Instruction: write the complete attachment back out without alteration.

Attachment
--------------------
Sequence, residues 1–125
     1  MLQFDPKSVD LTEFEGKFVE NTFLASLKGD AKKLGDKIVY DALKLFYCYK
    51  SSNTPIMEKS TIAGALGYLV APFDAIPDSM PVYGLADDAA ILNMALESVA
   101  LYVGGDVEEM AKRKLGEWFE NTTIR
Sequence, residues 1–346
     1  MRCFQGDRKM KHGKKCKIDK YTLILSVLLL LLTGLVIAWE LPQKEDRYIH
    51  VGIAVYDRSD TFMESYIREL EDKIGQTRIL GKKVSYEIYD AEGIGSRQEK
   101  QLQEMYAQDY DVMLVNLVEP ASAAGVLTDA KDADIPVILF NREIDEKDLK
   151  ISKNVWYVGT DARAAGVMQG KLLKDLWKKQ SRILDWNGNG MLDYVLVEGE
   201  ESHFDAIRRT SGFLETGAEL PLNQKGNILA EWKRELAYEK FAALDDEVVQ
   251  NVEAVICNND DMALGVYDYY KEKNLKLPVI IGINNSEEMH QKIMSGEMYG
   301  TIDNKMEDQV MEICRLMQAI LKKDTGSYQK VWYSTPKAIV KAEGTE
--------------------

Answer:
Sequence, residues 1–125
     1  MLQFDPKSVD LTEFEGKFVE NTFLASLKGD AKKLGDKIVY DALKLFYCYK
    51  SSNTPIMEKS TIAGALGYLV APFDAIPDSM PVYGLADDAA ILNMALESVA
   101  LYVGGDVEEM AKRKLGEWFE NTTIR
Sequence, residues 1–346
     1  MRCFQGDRKM KHGKKCKIDK YTLILSVLLL LLTGLVIAWE LPQKEDRYIH
    51  VGIAVYDRSD TFMESYIREL EDKIGQTRIL GKKVSYEIYD AEGIGSRQEK
   101  QLQEMYAQDY DVMLVNLVEP ASAAGVLTDA KDADIPVILF NREIDEKDLK
   151  ISKNVWYVGT DARAAGVMQG KLLKDLWKKQ SRILDWNGNG MLDYVLVEGE
   201  ESHFDAIRRT SGFLETGAEL PLNQKGNILA EWKRELAYEK FAALDDEVVQ
   251  NVEAVICNND DMALGVYDYY KEKNLKLPVI IGINNSEEMH QKIMSGEMYG
   301  TIDNKMEDQV MEICRLMQAI LKKDTGSYQK VWYSTPKAIV KAEGTE